Danny Wilson says Sheffield Wednesday have suffered due to points deduction threat

Former Sheffield Wednesday manager Danny Wilson thinks the strain of being under threat of a points deduction has taken its toll on his old club, and he is looking forward to them getting a fresh start.

Third in the Championship at Christmas, the Owls had slid to 15th when football went into its coronavirus-enforced hibernation, picking up just two wins from the last 12 matches.

Wilson thinks the chance to regroup should serve them well, and the weekend news that misconduct charges against owner Dejphon Chansiri, finance director John Redgate and former chief executive Katrien Meire have been dropped has raised hopes the club might escape a points deduction, which could have dragged them into the relegation battle.

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“It’s been a strange old season with things going on off the pitch as well as on it,” reflected Wilson, the midfielder who made 137 appearances for the South Yorkshire club between 1990 and 1993, and managed them between 1998 and 2000.

Danny Wilson.Danny Wilson.
Danny Wilson. | PA Wire

“It was fantastic to see that the (misconduct) charges had been dropped against the owner and if that’s a sign they’re not going to suffer a points deduction that’s brilliant news but I do think it’s taken its toll on them. Their season has certainly tailed off.

“Whether that’s down to injuries or maybe issues in the dressing room with a few players not getting picked, I don’t know, but they’ve certainly had a bad run.

“From that point of view they need to make sure they can build again in the summer. Quite a few players are out of contract and that might help.

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“But they’re a big club and I’m sure they can get back to where they should be.”

Former Owls player Danny Wilson.Former Owls player Danny Wilson.
Former Owls player Danny Wilson.

The misconduct charge against the club was in relation to the sale of Hillsborough to Chansiri, who then leased it back. It was done to circumvent the Football League’s “profit and sustainability” rules, which allow Championship clubs to lose no more than £39m over a three-year period.

Such deals are permitted, but questions where raised over how and when the Owls did it. The £60m valuation of the ground was questioned, while the Land Registry said the deal was only recorded nearly a year after the sale had been accounted for.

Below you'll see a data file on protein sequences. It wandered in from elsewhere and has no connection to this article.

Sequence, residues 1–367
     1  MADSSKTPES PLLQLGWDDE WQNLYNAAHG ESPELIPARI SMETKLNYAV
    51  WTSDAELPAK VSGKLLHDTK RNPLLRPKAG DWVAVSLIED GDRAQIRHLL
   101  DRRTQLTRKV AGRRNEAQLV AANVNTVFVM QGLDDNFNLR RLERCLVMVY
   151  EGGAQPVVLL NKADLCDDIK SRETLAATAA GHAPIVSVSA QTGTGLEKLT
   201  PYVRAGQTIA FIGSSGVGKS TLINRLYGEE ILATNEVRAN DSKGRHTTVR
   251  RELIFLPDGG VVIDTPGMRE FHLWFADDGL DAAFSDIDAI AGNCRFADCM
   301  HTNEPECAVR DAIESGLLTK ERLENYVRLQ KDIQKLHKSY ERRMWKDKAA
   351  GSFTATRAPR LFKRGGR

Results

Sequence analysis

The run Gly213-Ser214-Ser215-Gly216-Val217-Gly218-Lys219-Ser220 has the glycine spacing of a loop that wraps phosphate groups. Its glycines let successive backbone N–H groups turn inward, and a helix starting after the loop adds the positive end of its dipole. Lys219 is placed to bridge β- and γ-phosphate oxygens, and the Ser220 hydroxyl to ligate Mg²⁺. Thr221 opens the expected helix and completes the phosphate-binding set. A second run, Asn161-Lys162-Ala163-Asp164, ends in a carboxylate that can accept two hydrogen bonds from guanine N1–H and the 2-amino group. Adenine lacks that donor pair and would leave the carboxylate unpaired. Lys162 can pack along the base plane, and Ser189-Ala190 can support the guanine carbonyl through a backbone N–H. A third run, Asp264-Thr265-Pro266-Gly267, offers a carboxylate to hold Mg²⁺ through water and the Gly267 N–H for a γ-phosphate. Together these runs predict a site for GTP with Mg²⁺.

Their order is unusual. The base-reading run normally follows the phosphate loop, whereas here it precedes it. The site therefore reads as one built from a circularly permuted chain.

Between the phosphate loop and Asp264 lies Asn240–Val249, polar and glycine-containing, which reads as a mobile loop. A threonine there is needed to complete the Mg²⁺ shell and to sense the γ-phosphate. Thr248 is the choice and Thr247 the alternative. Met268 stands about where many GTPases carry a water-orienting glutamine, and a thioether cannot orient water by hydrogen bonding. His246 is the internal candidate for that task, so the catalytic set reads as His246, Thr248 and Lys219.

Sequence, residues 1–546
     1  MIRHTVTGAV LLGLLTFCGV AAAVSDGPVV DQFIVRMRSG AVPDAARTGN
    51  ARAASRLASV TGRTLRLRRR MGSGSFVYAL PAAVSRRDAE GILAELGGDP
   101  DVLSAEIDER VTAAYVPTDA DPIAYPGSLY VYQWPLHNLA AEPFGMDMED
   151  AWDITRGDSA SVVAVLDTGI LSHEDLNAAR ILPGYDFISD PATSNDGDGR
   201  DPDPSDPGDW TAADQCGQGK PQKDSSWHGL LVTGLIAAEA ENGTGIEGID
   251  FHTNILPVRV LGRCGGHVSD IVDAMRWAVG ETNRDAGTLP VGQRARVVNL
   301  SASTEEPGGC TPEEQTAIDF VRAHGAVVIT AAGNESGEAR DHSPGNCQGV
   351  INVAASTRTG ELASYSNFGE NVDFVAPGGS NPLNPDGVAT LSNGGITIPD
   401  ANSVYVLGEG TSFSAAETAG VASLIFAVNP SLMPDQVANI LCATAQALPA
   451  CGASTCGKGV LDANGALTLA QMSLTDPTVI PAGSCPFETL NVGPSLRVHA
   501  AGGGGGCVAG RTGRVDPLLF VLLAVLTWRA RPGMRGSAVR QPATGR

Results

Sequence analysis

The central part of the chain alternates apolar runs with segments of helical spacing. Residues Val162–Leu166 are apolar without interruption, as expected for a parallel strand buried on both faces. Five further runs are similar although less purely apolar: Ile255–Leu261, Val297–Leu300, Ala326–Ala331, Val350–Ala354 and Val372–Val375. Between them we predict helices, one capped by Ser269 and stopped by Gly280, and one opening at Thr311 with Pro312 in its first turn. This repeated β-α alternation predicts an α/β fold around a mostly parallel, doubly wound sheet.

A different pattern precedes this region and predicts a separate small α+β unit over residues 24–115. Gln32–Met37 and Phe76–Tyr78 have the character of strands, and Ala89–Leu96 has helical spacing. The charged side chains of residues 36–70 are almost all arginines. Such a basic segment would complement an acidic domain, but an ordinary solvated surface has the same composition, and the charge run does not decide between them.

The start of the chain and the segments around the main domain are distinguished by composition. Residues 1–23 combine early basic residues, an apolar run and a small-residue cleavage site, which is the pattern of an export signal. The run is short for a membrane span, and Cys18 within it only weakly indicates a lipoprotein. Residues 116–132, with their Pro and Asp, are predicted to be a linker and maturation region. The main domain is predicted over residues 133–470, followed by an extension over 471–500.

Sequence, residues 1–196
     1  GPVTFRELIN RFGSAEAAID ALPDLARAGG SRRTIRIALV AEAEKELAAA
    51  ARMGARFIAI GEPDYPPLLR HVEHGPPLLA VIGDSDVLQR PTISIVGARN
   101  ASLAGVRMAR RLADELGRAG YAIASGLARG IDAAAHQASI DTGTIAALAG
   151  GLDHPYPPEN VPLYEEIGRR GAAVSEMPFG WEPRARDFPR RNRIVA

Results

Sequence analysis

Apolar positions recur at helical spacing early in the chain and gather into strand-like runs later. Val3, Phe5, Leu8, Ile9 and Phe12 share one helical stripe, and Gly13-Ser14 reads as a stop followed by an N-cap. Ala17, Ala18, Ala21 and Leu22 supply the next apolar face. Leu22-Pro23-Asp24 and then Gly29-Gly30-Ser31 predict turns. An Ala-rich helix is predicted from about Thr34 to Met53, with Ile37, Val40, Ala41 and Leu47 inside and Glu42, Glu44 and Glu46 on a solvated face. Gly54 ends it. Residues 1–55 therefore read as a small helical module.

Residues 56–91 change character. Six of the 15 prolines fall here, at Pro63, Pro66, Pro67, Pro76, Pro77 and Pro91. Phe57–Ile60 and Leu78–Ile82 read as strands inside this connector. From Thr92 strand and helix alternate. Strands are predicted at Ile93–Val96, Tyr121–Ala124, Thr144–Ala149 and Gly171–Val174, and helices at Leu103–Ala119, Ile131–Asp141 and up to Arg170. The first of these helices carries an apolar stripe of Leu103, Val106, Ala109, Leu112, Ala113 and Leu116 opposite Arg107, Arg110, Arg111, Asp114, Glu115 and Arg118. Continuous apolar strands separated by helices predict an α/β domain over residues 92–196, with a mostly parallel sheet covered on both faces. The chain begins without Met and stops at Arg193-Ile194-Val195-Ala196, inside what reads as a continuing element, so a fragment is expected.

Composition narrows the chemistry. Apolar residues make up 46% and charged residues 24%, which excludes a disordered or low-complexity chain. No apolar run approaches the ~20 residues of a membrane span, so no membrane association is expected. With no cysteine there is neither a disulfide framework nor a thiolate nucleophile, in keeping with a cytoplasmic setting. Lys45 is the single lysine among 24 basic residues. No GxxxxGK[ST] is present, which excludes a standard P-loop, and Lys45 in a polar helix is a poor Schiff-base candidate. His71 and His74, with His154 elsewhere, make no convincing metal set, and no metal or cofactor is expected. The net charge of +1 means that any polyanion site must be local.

With no precedent for the charge, the options for any punishment are wide-ranging, and could extend to a 21-point deduction in the most extreme cases. Wednesday are nine points above the relegation zone.

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However, the Owls have always said they would vigorously contest the charge, which they view as unlawful, and last week’s reprieve for Chansiri, Redgate and Meire has raised optimism in S6 that they might be successful.

Wilson also had a spell as Sheffield Unted manager.Wilson also had a spell as Sheffield Unted manager.
Wilson also had a spell as Sheffield Unted manager.

With senior players Steven Fletcher, Fernando Forestieri, Morgan Fox, Kieran Lee, Joey Pelupessy, Atdhe Nuhiu, Sam Winnall and Sam Hutchinson out of contract in the summer, January’s signings only on loan – as are summer arrivals Josh Murphy of Newcastle United and Hamburg’s David Bates – plus Keiren Westwood and Jordan Rhodes frozen out along with Hutchinson and Bates, there will be a summer rebuild come what may at Sheffield Wednesday.

More immediately, there is a season to complete, and the authorities and Championship clubs are keen for that to happen as and when the restrictions imposed as a result of the coronavirus pandemic are lifted. April 30 has been set as the earliest possible date for a resumption of English professional football, though this is only an aspiration, and quite probably an optimistic one at that.

Given the negative cycle his old club was trapped in, Wilson thinks the break has not come at a bad time.

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“Teams that are losing games want a break, and teams that are doing well don’t,” he reasoned.

“While nobody wanted it to happen like this, I’m sure it will do them the power of good to get that break, and if they are able to come back with the threat of a points deduction or whatever no longer over them, that will be even better.”

As well as coming into the club in September after the summer transfer window shut, manager Garry Monk was unable to bring any backroom staff to Hillsborough, but Wilson thinks he can have no complaints with the calibre of coaches around him.

“The backroom staff are good lads,” said Wilson, who also managed Barnsley and Sheffield Unted. “There’s great experience in there with the likes of (assistant manager) Lee Bullen and (under-23 manager) Neil Thompson.

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“When he came to the club, Garry Monk will have known the restrictions he was going to be under and agreed to them, so he won’t be moaning about it.

“I certainly wouldn’t knock the staff he has there already. People like Lee Bullen have helped the club through some difficult times and will be great for him to have around. If Garry can add to that staff and squad in the summer, so much the better.”

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